Thursday, March 28, 2013

Aunts Barlow & Harriet


This week I am gathering photographs of my aunt Elizabeth Barlow Cutler-Wotton, who died recently at age 91. She was my mother's younger sister. In childhood I called her "Aunt Betty" and in later years she preferred to go by Barlow.

This photo of Barlow was taken in October 1997 when she was 76. She was visiting our home in western Massachusetts and holding our cat Sevda.

The decorative plate in front of her is an old family heirloom, part of a set of Wedgewood dishes that my mother had inherited long ago from "Aunt Harriet."  

I never met Aunt Harriet, nor did I have a clear idea about her exact relationship to our family, but her name became familiar over the years in connection with various treasures. I learned that she traveled widely and brought home unique items. My favorites include an embroidered Russian peasant shirt (which I once wore in a dance performance) and an unusual necklace with amber beads (which I still wear on occasion). I also associate her with these Wedgwood plates of "Ivanhoe" design. We read Ivanhoe in the Danvers schools and could recognize the names of the characters on the china: Lady Rowena, Friar Tuck, the Black Knight, the Templar and Gurth, the swineherd.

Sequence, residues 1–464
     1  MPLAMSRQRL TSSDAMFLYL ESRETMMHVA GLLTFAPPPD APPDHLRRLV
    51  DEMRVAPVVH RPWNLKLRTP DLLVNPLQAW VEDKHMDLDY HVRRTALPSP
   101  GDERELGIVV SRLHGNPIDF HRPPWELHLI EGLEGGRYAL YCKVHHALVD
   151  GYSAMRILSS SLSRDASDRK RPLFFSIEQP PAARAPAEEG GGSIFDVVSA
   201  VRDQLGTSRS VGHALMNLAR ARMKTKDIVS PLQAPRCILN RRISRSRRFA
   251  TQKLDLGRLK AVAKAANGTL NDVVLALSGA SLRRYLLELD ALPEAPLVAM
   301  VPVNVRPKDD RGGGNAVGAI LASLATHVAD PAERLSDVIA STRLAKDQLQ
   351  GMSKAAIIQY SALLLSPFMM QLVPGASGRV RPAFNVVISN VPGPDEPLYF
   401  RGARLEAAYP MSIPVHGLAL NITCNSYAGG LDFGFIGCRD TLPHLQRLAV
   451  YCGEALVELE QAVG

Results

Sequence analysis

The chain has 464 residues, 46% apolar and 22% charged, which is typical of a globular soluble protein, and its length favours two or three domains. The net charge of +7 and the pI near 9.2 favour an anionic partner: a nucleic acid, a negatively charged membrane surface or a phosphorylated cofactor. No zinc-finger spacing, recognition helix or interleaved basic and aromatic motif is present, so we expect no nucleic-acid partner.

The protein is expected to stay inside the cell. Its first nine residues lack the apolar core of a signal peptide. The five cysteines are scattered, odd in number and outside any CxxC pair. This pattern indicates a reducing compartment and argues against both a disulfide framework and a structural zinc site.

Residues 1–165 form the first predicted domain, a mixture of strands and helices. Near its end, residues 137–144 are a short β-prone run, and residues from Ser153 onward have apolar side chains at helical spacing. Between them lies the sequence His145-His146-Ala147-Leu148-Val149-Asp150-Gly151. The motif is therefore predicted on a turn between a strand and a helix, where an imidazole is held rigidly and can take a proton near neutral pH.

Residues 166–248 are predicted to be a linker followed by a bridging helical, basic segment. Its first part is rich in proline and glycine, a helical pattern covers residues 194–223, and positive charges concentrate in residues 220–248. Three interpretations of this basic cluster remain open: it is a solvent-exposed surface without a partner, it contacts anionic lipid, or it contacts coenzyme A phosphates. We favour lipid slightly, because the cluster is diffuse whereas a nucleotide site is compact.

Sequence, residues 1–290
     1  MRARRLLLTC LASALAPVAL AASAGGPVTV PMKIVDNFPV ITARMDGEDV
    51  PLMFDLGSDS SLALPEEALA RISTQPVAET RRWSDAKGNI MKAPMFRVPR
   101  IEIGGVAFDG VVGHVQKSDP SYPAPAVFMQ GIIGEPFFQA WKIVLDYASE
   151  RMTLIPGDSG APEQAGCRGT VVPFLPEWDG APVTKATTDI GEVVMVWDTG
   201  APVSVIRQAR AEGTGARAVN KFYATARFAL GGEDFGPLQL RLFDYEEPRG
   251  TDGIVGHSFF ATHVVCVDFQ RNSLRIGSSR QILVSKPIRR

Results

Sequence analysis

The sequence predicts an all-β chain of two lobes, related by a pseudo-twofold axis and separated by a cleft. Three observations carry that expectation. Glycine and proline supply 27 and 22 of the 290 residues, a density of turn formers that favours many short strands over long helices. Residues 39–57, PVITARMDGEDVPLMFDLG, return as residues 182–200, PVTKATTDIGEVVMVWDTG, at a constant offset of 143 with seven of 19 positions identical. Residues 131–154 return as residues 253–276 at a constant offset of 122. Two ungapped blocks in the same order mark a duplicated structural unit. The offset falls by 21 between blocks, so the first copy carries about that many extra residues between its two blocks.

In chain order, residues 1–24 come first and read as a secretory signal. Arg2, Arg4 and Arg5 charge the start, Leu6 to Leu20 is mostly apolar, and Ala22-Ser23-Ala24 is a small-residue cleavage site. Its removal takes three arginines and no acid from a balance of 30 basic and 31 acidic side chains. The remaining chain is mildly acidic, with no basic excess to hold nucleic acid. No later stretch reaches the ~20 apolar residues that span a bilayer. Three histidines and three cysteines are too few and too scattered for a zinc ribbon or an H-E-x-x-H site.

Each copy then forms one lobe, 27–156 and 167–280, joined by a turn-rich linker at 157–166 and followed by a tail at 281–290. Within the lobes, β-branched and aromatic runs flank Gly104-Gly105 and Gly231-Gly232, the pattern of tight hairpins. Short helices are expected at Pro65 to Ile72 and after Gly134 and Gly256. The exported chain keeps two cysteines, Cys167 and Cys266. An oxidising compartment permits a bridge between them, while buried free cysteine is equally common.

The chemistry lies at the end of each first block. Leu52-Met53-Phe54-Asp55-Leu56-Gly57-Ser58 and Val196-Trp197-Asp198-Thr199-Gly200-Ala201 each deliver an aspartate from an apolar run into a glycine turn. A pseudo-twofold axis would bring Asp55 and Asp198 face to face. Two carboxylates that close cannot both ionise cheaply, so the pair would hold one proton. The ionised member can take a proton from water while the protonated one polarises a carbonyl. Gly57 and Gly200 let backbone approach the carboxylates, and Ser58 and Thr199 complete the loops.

In 1957 when my family moved into our larger house and finally had a real diningroom, my mother put Aunt Harriet's china on display in a corner cabinet there.  We liked the lovely Wedgwood blue.  I think my mother took that color into account as she planned the curtains and wall color for that room.

Today, searching in attic boxes for photos of Barlow, I was surprised to discover a photo of two people unknown to me, but labeled in my mother's handwriting, "Uncle Harry and Aunt Harriet." I'm glad that she also wrote their full names: Henry Thatcher Fowler and Harriet Nesmith Fowler.    Aha!  My mother also had the middle name Nesmith, so there's a clue of possible family connection.  I'll leave that research to another day.

For today, I'm creating a photo album in memory of Aunt Barlow.

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